Like many children, Anne-Marie Zanetti enjoyed working creatively with her hands: drawing, sewing, woodworking, or playing in the mud. And just like many adults, life happens, and she was led away from this passion.
When her youngest child began school, Anne-Marie’s husband said more-or-less, “take a break for a year and do what your heart desires.” So, that’s what she did. Anne-Marie began taking classes, attending workshops, entering competitions, and accepting commissions. She believes getting out of your comfort zone, putting in the hours, and having a good grasp on the business aspects of your studio practice are crucial for a successful transition into the creative field.
Read Anne-Marie’s success story.
YOU HAVE A HIGHLY TECHNICAL STYLE, THOUGH YOU DIDN’T START YOUR ART CAREER UNTIL LATER IN LIFE. HOW DID YOU DEVELOP SUCH PROFICIENT SKILLS?
In hindsight now, I have realized how important donations were for my practice to get off the ground. Early in my career, my children’s school organized an art show fundraiser. I chose to donate my paintings and the shows helped me in a number of ways:
I could paint any subject I wanted without worrying about the end result too much.
Experimenting was easier. I could investigate in different techniques, mediums, and styles more fluidly.
I received that much needed (but not always welcomed) feedback from a large group of people.
The exposure for my work was increasing (word of mouth should not be underestimated).
I was contributing to something worthwhile and it gave me a reason to paint in abundance.
These years were my early training ground! We all know the hours and hours it takes to hone your skills. I had a reason to paint, and people to appreciate my contribution—all the while I was becoming more and more proficient.
HOW DID YOU BUILD YOUR ART NETWORK AND GROW YOUR INTERNATIONAL PRESENCE?
I find my creative art is a solitary venture. So as an artist, I make an effort to stay connected. I’ve found that social media has been invaluable in this area. I regularly peruse my Instagram, Facebook, Pinterest and Twitter accounts to see what other artists are doing. In fact, I have created many relationships with artists in other countries through my social media connections.
Being represented by Lethbridge Gallery in Brisbane, Australia has ensured I maintain face-to-face contact with other artists to share ideas and foster connections within the community. Art classes are another wonderful way I meet with other artists and find amazing teachers and mentors.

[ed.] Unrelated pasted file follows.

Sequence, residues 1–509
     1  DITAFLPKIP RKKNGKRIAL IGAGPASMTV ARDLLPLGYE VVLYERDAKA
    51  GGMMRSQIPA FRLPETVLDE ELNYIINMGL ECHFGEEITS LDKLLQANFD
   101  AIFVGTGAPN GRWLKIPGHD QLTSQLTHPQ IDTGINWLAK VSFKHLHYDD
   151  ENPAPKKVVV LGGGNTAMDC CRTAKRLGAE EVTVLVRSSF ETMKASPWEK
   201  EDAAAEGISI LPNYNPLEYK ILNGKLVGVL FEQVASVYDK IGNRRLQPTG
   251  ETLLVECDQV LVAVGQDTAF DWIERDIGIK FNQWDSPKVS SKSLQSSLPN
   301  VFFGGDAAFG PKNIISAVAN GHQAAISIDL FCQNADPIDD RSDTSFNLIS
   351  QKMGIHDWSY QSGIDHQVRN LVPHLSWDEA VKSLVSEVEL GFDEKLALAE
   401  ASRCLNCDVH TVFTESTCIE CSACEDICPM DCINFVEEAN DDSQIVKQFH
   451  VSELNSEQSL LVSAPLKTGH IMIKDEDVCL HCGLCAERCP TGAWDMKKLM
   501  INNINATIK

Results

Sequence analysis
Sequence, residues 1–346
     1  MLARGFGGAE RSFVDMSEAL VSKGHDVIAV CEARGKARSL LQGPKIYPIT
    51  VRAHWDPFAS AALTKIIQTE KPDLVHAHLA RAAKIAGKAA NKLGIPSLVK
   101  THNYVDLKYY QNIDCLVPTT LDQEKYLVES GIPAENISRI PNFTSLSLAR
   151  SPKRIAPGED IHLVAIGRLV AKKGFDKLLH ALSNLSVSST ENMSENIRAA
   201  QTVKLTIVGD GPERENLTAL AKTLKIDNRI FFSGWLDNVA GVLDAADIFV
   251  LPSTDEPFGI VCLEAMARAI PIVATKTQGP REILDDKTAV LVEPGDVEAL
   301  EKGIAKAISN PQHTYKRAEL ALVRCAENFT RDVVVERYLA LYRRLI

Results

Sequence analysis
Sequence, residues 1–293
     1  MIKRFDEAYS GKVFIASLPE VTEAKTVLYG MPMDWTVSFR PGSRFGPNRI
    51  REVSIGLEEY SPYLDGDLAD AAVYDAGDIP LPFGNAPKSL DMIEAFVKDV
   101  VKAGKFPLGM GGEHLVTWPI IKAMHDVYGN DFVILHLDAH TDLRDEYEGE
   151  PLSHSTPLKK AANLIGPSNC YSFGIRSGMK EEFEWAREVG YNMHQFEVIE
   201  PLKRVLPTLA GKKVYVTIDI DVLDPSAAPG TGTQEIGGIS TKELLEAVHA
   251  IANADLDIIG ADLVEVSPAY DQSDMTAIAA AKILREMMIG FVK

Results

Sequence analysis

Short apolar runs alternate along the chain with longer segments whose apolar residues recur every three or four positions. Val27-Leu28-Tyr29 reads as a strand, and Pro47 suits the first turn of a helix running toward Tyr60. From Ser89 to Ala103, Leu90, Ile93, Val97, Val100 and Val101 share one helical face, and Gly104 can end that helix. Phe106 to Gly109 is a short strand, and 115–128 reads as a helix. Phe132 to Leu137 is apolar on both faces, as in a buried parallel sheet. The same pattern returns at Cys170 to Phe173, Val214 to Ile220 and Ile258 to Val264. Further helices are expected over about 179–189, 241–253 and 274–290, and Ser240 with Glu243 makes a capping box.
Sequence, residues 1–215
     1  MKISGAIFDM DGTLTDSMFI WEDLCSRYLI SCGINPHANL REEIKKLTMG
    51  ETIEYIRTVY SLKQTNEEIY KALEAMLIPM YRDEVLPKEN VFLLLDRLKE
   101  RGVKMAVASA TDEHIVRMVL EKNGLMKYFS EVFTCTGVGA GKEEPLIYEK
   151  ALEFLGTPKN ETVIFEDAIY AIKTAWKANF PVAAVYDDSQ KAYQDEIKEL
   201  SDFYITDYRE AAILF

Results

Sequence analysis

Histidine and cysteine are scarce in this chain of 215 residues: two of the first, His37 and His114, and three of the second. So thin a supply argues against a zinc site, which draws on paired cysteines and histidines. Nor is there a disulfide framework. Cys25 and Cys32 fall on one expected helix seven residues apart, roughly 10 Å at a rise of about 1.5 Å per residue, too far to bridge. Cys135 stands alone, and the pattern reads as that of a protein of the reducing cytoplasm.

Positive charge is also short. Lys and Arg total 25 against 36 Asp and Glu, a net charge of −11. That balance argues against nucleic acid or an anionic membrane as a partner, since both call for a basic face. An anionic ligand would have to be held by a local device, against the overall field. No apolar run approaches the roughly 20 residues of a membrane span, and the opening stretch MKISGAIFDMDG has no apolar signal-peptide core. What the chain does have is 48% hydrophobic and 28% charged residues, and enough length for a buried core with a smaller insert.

YOU HAVE SHOWN WORK ALL AROUND THE WORLD. HOW DID YOU BEGIN SHOWING INTERNATIONALLY?
This is where a good gallery (and special friends) can really help! Being represented by Lethbridge Gallery here in Brisbane, who has relationships with overseas galleries, was the beginning of this journey for me. I was fortunate that the gallery owner believed in my work enough to take some of my paintings to two art fairs in the United States. He then promoted them to the galleries he has relationships with.
At the same time, a school friend who owns a gallery in New York very kindly asked if I would like to add some of my work to her collection.
You never know where a connection could lead. Through entering various annual competitions coordinated by the Brisbane gallery and doing art workshops, more opportunities have been created and it has given me the confidence to broaden the scope of my work.
BEFORE USING ARTWORK ARCHIVE, HOW DID YOU ORGANIZE YOUR BUSINESS?
For about a year I had been searching for an online program to help with my art organization. I have a real curiosity for computer programs that increase efficiency, and not just in art. A fellow artist told me about Artwork Archive, so I immediately Googled it.
At first I thought it was a great program to catalog and keep track of my art—which had been saved to numerous Word and Excel spreadsheets for years—but I am so glad that it has become far more than a catalog tool for me.
WHAT ADVICE DO YOU HAVE FOR OTHER ARTISTS LOOKING TO BETTER MANAGE THEIR NEW ART CAREER?
I believe, as an artist, you should try to acquire as much exposure as possible. I routinely seek out exhibition and competition opportunities, and regularly engage with potential clients and other artists. This can be difficult without jeopardizing the quality of my work, or my sanity.
Artwork Archive has made these processes much more manageable by giving me the ability to log and track details of paintings, clients, galleries, competitions, and commissions. It’s also crucial to my practice to be able to print out reports, portfolio pages and invoices—and providing a platform to expose my work publicly.
Since all my information is on the cloud, I can reach my information from anywhere there is an internet connection, on any device. I’m also in the process of creating reproductions of my work and I’m excited to use the built in tool that Artwork Archive has for tracking all the details of these.
WHAT WOULD YOU SAY TO ANOTHER ARTIST CONSIDERING USING AN INVENTORY MANAGEMENT SYSTEM?
I find myself referring fellow artists to Artwork Archive because my experience has been so positive. The program makes the obligatory administration work much more simple and manageable—giving me more time to paint.
I can keep track of my work, print out reports, get a quick look at my sales (which makes me feel better when I’m doubting myself), and know that the site is always promoting my work through my Public Page.
Artwork Archive’s commitment to improving the software with upgrades is also a bonus to my business and my peace of mind.
Looking for more guidance for early career artists? Check out Anne Kullaf’s advice for emerging artists.